There is one thing to discover about blogs and that is that when postings are slow it does not always mean discourtesy or that I have nothing to say; perhaps that things are just too hectic. Anyway so it has been these few weeks when between trips to a Board Meeting in the USA and a holiday in a very wet and windy Cornwall (with an excellent meal in Jamie Oliver’s Fifteen restaurant) I have had to rush between Brussels and Vienna.
Brussels is fascinating for the British these days. It is not Paris, and indeed that is part of the fascination, yet it retains a lot of natural charm for someone who just wants to relax after or during a busy schedule. It does not have the dramatic sights and museums to see but it has good food and excellent beer – and you can walk everywhere.
Even better for the UK is the fact that the train is now only 1 hour and 50 minutes so I was able to leave Brussels at 8am on Friday morning and get back in good time lunch before my regular 1pm marketing lecture at the School of Management at Bath University. I was in Brussels for a chat with COTANCE on the future of the leather industry as part of a UNIDO project. Both COTANCE and ICT have lost a huge amount of power and authority since I started in the industry but it is clear that COTANCE members are now keen to deal with the reality as they see it, and are thinking positively. After so many disastrous decades it does appear that we do have a better understanding of the issues and how to manage them: I was much surprised by the clarity and constructiveness of the COTANCE view of the future. And I liked St. Pancras and the Eurostar.
Testing, testing, testing
There is no doubt that the brand “made in China” has been greatly damaged by the safety and quality issues related to pet-foods, toys and other products over the summer. Some of it is justified as makers cut corners to save costs but many of the complaints were actually the outcome of bad design by the importer or very lax quality control by major western brands who should know better. Time and again we see companies caught out by not being aware of subcontracting going on.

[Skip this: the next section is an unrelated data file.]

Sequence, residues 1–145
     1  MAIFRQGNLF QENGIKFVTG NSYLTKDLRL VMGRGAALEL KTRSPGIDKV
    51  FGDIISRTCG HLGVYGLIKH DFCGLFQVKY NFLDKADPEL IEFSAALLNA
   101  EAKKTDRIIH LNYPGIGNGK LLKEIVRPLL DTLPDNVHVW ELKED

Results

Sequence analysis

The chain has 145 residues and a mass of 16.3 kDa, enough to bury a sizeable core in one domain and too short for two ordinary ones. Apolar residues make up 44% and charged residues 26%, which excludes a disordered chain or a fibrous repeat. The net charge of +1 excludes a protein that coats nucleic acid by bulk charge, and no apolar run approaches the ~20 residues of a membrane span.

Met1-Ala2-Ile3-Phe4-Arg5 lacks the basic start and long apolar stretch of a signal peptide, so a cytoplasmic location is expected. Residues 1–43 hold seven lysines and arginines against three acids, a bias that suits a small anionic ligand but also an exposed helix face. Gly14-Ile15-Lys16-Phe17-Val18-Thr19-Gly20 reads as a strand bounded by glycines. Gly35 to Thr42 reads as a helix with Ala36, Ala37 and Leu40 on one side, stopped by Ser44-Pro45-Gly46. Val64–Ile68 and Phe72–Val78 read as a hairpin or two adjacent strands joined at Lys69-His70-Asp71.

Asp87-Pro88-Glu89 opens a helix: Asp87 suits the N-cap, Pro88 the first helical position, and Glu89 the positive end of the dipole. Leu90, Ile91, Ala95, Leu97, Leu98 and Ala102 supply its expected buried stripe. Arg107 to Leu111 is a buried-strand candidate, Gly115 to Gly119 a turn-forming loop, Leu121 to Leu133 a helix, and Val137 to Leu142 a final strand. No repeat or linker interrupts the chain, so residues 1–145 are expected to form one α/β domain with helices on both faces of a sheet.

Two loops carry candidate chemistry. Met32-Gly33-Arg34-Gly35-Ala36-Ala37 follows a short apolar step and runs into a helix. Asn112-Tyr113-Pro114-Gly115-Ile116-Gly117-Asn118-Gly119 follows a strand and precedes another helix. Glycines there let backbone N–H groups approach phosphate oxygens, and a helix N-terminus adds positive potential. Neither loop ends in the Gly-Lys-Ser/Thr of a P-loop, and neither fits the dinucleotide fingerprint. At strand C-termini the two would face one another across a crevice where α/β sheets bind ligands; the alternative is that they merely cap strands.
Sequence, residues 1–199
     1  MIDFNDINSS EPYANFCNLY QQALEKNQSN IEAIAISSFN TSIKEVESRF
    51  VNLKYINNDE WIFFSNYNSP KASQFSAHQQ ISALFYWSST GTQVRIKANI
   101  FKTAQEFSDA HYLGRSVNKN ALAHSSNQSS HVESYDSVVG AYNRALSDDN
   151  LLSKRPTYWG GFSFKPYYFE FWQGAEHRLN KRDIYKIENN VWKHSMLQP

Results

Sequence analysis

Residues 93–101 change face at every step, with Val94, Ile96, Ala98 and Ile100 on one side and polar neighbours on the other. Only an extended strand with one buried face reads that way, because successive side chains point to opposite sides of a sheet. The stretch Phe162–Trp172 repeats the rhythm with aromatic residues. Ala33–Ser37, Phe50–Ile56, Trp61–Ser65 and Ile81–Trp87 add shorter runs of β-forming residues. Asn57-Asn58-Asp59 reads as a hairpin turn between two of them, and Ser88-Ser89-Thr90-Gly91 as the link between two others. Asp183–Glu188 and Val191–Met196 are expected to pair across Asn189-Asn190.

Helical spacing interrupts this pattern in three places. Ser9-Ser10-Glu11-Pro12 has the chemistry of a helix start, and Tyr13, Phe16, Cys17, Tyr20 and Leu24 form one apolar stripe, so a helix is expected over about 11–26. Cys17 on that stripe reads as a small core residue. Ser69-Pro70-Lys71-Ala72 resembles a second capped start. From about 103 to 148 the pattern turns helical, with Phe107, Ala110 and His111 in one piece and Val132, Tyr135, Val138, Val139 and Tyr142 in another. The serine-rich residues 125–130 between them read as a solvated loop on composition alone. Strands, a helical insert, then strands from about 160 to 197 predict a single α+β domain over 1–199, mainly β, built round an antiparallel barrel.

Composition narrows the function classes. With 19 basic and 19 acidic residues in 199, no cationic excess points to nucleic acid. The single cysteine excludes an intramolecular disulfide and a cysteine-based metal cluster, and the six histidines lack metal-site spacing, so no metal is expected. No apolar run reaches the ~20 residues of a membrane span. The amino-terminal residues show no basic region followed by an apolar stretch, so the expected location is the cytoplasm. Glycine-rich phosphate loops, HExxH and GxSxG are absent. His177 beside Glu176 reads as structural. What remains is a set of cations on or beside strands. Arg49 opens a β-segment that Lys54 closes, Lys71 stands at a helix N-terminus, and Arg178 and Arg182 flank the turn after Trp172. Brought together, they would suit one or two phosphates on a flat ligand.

The outcome has been to give a real opportunity to the many testing houses in the world to extend their reach. In his 1994 ALCA lecture on the last 50 years of the industry said that looking forward “technical specs will become stricter and more complicated requiring highly sophisticated R&D departments and physical/chemical testing labs as well as more sophisticated quality assurance systems.” How right he was, and if you are involved in sourcing so far away the needs for total assurance are now even stronger. In the leather industry most of us now deal with brands, and the consumer expects that a brand will take proper care in these matters. Indeed that is why a brand can command our loyalty and charge a premium.
Over the years there have been quite different levels of profitability in different areas of our cow to consumer network and testing looks like being a favoured area for the future.
Collagen to Leather
Many readers of this will be aware of the new text “from collagen to leather – the theoretical background” written and privately published by staff from BASF lead by the industry’s good friend Tilman Taeger. It perhaps is indicative how many senior people are coming towards retirement that we are finding so many excellent books being published. This is one of the best and fills two gaps – one we knew existed in putting together all the recent knowledge on collagen – and one we didn’t – helping us understand the role of water and more about the 50% of the hide that does not make it into leather.
I will review the book fully at a later date, but those wanting a copy can apply to firstname.lastname@example.org The book cannot be bought and I am sure all Corium club members will qualify to be sent a free copy. The book puts in context all the work Prof Tony Covington has been doing in the last decade at the University of Northampton and highlights the leading role this research has taken in this vital subject area. Highly recommended to all involved in leather technology.
Thursday, 13 December 2007